I just wanted to use the words fungibility and morass, so that's why I wrote this article.
Here's my take on the Hawks' first couple picks, and although he probably doesn't share my enthusiasm for these selections, I agree with his articulate summation when Rob Staton over at SDB said that essentially the Hawks are making the best out of a bad situation. Normally, a team that is 7-9 is not drafting at the end of each round. If it weren't for a terrible NFC West division gifting us a playoff berth, we'd have had the proverbial pick of the litter in the first round when it came to potential franchise QBs, shutdown corners, all world defensive tackles, super human edge rushers etc etc and so forth and that would continue into each round.
This is how the NFL works - the crappy teams get to pick first so they can have the best players available in order to get them into the position to be the better teams. It just so happens we're a marginally crappy team that got to pick at the end of each round because we wandered into the playoffs after going through the wrong door but then decided we liked it and stayed for a while. I'm not tying to be a downer here, but the fact of the matter is we had a bit of a Cinderella situation last year and we're dealing with the consequences of it now. The Seahawks are the football team version of The Hangover - we partied last night (2010/beastquake), got roofied, went to the strip club (Chicago), and we just woke up in jail on a public urination and indecent exposure rap and now we can't find our friend. I've seen it a million times. Fact of the matter is, we just have to dust ourselves off, take some penicillin, and move forward knowing we had fun but now we're looking for our car and we just got a tattoo of the Captain Morgan logo on our chest.
What the hell am I talking about. Oh yeah - so basically what I'm getting at is that we're now in a position where we have to accept the predicament we're in: We're a 7-9 team that inherited the Final-8 rule of free agency, a tougher schedule, and lower picks in each round of the draft. Last year's run was worth it, but now we're going to have to be patient to get back to the promised land. Taking an offensive tackle with our first pick was not very glitzy or sexy but it helps to solve our offensive line problems, something we've been complaining about for years.
The James Carpenter and John Moffitt picks don't constitute face-of-the-franchise selections, but they are solid in that they put us on the right track to getting back to where we want to be. Solid line play means better rushing ability. Better rushing ability means less pressure on the QB. Less pressure on the QB gives him time to go through progressions and complete a pass. Completed passes mean more first downs which in turn keeps the defense off the field longer, helping their success. We don't have an all world QB right now but when we get one it will help to have a line to protect him. There is no guaranteed formula that ensures a championship team.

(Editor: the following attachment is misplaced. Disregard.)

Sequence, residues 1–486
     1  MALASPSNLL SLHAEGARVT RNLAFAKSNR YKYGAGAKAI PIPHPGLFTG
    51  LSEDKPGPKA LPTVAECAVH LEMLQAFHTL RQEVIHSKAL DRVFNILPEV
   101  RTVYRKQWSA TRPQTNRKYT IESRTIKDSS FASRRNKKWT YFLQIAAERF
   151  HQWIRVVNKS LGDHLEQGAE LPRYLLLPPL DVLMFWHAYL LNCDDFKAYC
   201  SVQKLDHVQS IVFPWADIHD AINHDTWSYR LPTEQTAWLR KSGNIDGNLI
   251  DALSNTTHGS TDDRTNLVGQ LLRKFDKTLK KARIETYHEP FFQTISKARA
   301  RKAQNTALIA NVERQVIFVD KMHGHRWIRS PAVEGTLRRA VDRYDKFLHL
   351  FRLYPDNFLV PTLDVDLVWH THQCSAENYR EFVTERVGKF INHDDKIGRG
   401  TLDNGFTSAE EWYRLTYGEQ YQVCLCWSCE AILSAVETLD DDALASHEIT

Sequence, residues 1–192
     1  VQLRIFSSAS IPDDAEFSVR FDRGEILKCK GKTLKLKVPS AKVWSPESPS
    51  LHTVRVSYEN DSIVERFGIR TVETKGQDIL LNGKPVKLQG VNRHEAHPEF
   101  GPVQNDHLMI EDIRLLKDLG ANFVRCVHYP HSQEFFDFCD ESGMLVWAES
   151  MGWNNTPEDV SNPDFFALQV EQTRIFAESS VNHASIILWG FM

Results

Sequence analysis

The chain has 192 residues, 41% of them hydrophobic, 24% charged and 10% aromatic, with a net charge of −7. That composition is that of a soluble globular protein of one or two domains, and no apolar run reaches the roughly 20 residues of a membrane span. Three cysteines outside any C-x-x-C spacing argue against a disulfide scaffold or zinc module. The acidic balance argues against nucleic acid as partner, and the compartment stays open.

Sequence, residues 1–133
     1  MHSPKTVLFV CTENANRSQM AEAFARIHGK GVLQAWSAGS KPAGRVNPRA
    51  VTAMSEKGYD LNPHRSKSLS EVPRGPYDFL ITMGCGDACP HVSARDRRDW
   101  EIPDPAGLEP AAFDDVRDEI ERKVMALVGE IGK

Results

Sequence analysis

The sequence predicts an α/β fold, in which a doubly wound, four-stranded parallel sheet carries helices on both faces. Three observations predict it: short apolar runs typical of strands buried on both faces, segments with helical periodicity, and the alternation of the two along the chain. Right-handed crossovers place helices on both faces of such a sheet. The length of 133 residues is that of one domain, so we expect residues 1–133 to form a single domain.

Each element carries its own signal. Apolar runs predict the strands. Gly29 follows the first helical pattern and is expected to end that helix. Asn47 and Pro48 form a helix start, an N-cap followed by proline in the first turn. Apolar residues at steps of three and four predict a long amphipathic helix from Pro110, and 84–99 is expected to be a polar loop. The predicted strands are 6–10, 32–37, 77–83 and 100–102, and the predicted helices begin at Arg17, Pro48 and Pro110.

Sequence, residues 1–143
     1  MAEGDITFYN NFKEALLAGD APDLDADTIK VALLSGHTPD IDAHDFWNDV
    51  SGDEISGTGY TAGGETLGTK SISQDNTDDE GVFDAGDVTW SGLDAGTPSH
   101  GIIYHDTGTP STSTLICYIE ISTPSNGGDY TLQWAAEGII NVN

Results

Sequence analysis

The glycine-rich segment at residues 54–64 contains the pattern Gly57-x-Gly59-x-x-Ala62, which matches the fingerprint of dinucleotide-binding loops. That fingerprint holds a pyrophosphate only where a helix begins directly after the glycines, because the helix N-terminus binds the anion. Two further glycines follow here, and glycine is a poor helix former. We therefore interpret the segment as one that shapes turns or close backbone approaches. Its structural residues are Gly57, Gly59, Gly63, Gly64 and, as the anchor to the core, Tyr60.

If there was a magical formula, everyone would do the exact same thing. Furthermore, every single player is different and every single team that has won the Super Bowl has a different team character and make-up from the last.
The idea that you can plug in a good player somewhere and hope for the same exact results he had elsewhere is a fallacy. Key players for a championship team aren't fungible, but every team that wins it all does so with the use of the aggregation of elite players at multiple positions. One team might win because of great safety play. Some might win because of their defensive line. Others are led by their running backs and wide receivers. Quarterbacks are extremely important but there are several types of elite QBs that get the job done one way or another and they could fail if their receivers have rocks for hands or if they run the wrong routes. An elite offensive line never hurt a team.
This parity is why we all love the NFL so much. Because "ANY GIVEN SUNDAY..."
James Carpenter and John Moffitt are just two little pieces of the championship puzzle. We could argue all day over these selections but they've already been made. I'm just sitting here enjoying the process and I can't wait to see what happens tomorrow. I'll be keeping in mind that one pick doesn't make or break the whole process: each player is a possible boom or bust for the Seahawks and the same could be said for every single selection made. There are many pieces that need to be in place for a team to succeed. Like I said the other day, a championship team is usually made up of an elite quarterback with a cadre of elite talent around him. We may not have that QB yet, but regardless we're building up the cadre so when we find that guy, things could start to click.
You can prioritize a quarterback first and foremost but that's not an excuse to reach for a guy you don't think has it in him. I'm fairly certain at some point in the process, a quality control coach on the Hawks made a laminated list of the Hawks' current roster for John and Pete to peruse, so I think the Hawks' front office is aware that Charlie Whitehurst is the only QB on the roster. This Draft was not and is not the final option the Hawks have in getting that integral piece in place and we're just going to have to wait and see how it all plays out. Whether they take a flyer on a QB in round two or three or wait until free agency kicks in to sign or trade for one, we won't know until it happens.
In the meantime, keep calm and carry on, I'm sure there is a plan in place.